DR MIKE Lynch, 45, began working on the mathematics behind Autonomy’s software in the early 1990s, when he was writing his post-doctoral thesis at Cambridge University.
He was studying the work of an 18th Century vicar, Thomas Bayes, who spent his life trying to prove the existence of God through mathematics.
“He never succeeded,” Lynch once quipped, “although he probably has an answer by now”.
In 1996, Lynch founded Autonomy, a firm he has since transformed into a FTSE 100 giant with 16,000 clients that range from Nestle and the BBC to NASA and the US Department of Homeland Security.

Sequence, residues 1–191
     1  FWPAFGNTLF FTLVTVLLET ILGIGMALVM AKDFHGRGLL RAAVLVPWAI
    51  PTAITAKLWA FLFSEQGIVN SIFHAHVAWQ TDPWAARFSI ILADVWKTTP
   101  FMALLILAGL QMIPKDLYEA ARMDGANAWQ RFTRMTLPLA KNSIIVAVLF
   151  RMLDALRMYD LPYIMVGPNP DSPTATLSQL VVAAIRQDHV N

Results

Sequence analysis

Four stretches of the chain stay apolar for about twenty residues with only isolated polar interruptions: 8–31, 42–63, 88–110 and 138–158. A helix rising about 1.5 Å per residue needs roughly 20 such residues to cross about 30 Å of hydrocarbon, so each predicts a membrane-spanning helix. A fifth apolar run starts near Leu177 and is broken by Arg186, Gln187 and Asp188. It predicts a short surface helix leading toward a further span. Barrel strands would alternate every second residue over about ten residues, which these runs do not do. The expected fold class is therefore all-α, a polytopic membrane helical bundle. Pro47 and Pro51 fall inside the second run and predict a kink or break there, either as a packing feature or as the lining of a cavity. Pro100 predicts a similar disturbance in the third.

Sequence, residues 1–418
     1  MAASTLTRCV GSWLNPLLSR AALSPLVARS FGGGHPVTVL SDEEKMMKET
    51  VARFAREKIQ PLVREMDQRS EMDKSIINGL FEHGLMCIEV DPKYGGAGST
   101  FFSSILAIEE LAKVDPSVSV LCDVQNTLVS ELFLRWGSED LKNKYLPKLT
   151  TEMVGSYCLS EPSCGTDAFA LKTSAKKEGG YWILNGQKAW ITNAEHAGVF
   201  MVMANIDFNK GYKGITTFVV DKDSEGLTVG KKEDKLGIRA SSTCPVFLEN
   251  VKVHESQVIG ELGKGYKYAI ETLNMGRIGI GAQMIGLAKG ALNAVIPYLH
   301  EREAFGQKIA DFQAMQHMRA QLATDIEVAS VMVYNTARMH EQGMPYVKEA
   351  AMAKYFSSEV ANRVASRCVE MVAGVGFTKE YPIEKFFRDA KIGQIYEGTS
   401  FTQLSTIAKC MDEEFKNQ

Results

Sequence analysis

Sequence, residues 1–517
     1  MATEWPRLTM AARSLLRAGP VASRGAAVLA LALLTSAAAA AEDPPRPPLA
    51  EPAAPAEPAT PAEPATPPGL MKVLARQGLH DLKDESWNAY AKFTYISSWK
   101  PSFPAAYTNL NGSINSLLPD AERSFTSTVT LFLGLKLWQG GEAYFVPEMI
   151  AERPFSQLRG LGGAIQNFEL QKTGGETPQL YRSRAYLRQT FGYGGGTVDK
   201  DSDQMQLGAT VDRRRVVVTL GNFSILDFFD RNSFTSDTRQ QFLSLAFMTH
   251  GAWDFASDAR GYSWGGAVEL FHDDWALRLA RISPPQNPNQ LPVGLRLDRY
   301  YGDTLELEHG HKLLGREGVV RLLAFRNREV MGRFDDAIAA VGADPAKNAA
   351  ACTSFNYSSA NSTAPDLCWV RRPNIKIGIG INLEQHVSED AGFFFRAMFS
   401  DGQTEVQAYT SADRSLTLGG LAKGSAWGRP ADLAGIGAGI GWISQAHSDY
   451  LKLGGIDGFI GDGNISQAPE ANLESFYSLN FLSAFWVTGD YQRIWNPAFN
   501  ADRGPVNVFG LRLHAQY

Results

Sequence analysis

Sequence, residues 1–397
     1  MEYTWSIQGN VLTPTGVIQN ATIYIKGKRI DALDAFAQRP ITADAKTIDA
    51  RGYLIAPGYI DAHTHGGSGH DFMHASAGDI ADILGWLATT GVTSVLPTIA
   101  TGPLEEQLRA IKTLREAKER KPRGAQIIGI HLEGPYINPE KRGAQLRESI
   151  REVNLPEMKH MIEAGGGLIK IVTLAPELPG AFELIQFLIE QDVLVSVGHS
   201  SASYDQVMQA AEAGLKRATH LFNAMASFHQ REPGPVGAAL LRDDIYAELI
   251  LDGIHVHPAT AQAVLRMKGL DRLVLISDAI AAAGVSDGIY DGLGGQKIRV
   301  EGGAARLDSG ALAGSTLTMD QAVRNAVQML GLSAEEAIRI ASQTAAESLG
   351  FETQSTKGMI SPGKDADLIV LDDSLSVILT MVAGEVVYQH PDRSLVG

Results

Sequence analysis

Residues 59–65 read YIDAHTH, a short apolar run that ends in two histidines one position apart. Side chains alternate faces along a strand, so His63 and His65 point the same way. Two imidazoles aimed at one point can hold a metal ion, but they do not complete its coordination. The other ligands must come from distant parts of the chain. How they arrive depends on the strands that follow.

Simply put, the technology enables computers to understand human interaction. It can spot when traders are perpetuating a fraud, or when a call centre operative is giving a customer the wrong answer.
Lynch, born to a fireman father in Ireland in 1965, was brought up in Essex, where he won a scholarship to the nearby public school Bancroft’s.
Quintessentially English and incredibly low-key, he cuts a strange figure on the global tech stage, which is dominated by brash Americans in the mould of Microsoft founder Bill Gates.